‘I think it was something I ate…’
How often have we heard this said, or said it ourselves, when a sudden stomach upset makes us feel unwell? However, the Food Standards Agency says, ‘It’s natural to suspect the thing you ate most recently would be the cause of food poisoning, but that isn’t always the case. Symptoms usually take between one and three days to develop, so it won’t necessarily be from the last thing you ate.’
Most people who have travelled extensively can recall an unpleasant food poisoning experience that put them out of action for a couple of days—that salad in Egypt, that kebab in Morocco, the occurrences may be rare but you certainly know it when it happens. Closer to home, there can be similar instances in our own kitchens if we don’t take careful but commonsense precautions.
Meat prep and cooking times
In recent months, there has been a serious food safety concern regarding chicken containing potentially lethal bacteria known as campylobacter. With producers having since been required to take measures to reduce the contamination of chicken meat, risks still exist for anyone who eats chicken that has not been thoroughly cooked. Food experts also advise against the practise of washing raw chicken at the kitchen sink before cooking, the concern being that water splashed from the chicken meat onto work surfaces will only spread any existing bacteria. So, the best advice is to cook your chicken thoroughly. If you like to fry your chicken Kentucky-style, then finish off by placing the fried pieces in a hot (200°C) oven for 10 minutes. For your roast chicken, use a timer and make sure you roast at the correct temperature for the correct length of time, according to the weight of the prepared chicken. The BBC Good Food website offers a ‘Roast timer’ calculator (http://www.bbcgoodfood.com/howto/tools/roast-timer), where, for example, a 2kg chicken roasting time is recommended as follows: 200°C/fan 180c/gas 6 for first 20 minutes. Then 180C/fan 160C/gas 4 for next 1 hour 20 minutes.
The same rules apply particularly for the roasting of turkey and joints of pork, neither of which should ever be served undercooked or rare. Although many of us like our lamb pink and our steaks rare or medium-rare, yet beef burgers should not be served pink in the middle. Unlike steaks, burgers and sausages are made from meat that has been minced, so germs will be spread throughout the product and not just on the surface. This means these products need to be properly cooked all the way through. To check if a burger is done, cut into the thickest part and check there is no pink meat, it is steaming hot and juices are clear.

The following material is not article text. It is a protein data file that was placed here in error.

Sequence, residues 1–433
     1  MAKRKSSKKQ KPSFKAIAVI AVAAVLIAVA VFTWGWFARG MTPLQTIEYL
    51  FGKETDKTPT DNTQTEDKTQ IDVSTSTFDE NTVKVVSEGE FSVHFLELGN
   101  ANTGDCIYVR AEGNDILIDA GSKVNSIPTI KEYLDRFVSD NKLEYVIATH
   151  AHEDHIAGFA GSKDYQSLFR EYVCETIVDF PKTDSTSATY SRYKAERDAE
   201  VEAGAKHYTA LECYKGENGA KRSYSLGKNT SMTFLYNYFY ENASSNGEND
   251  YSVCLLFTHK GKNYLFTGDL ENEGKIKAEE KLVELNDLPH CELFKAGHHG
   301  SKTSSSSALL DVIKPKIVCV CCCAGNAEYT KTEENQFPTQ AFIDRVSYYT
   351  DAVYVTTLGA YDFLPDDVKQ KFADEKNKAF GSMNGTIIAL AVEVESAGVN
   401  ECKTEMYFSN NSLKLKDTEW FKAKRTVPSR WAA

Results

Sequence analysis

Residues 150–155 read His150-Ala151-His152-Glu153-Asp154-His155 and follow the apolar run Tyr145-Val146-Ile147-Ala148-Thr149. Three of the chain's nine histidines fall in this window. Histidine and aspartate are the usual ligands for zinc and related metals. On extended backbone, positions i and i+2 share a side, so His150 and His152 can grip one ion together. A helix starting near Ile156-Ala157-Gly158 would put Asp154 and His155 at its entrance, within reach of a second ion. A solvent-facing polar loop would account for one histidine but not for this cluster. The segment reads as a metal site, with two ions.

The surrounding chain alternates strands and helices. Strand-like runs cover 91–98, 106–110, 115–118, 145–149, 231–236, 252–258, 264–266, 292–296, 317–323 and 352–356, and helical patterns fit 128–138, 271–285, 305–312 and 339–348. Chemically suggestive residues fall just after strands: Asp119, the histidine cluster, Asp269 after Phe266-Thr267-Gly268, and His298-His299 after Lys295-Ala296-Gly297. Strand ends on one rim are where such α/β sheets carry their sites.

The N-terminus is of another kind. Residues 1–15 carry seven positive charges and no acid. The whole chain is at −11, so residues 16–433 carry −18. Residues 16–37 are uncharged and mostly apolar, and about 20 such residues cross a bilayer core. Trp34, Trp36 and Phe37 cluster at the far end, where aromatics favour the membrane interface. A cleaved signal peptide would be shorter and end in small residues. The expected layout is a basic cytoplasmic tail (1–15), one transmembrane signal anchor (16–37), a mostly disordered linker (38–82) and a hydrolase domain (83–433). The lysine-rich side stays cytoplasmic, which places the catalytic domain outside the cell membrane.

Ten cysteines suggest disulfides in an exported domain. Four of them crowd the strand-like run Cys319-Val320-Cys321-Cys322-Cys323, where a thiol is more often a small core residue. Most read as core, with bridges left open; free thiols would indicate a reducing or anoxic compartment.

In the preparation of meat of all kinds in the kitchen, use a thoroughly clean chopping board. Many chefs and amateur cooks prefer plastic boards for hygienic reasons, although the Food Standards Agency comment on this is as follows: ‘There isn’t any strong evidence that one type of chopping board is more or less hygienic than another, whether plastic, wooden, glass or even marble. What is important is that the board gets cleaned properly after every use and is replaced if it gets damaged, for example from deep cuts or scoring. You could also use separate chopping boards for raw and ready-to-eat foods.’
In the fridge
When you’re in a rush, it’s easy to stuff any-old-how raw and cooked meats, veg, etc., into the fridge without much thought. But in this way, cross-contamination is the biggest threat to our wellbeing, especially where cooked and raw meats are concerned. It’s vital to keep these products separate, in plastic bags or wrapped in Clingfilm, to be sure of avoiding cross-contamination.
However rushed we are, we must also avoid cooking any meat, meat products or chicken that are only partially defrosted: either allow plenty of time for defrosting from the freezer to the fridge, or use the correct defrost setting on the microwave.
The dates given on fresh food packaging—‘best before’ and ‘use by’—are sometimes disregarded and consumed with no ill effects. However, sound advice on the topic comes once again from the Government’s Food Standard Agency, as follows:
‘“Best before” dates are about food quality not safety. They are usually found on food that lasts a long time. If food has passed its ‘best before’ date it doesn’t mean it’s unsafe, but it might have started to lose its colour, flavour, or texture.
‘A “use by” date tells you how long food will stay safe. They have to be put on food that “goes off” quickly—and they aren’t just guesswork, the dates are worked out by scientific testing. Don’t be tempted to eat food after the “use by” date on the label, even if it looks and smells fine.’
SEE MORE: Dee Thresher’s Diet Tips